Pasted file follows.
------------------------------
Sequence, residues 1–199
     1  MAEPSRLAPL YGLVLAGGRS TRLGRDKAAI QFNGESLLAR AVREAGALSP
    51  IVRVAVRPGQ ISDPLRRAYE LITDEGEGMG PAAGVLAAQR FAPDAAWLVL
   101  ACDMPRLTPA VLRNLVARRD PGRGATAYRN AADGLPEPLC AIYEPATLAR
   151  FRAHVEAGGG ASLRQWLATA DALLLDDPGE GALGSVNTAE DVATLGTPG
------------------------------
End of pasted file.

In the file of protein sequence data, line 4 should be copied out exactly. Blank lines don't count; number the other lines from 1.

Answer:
   101  ACDMPRLTPA VLRNLVARRD PGRGATAYRN AADGLPEPLC AIYEPATLAR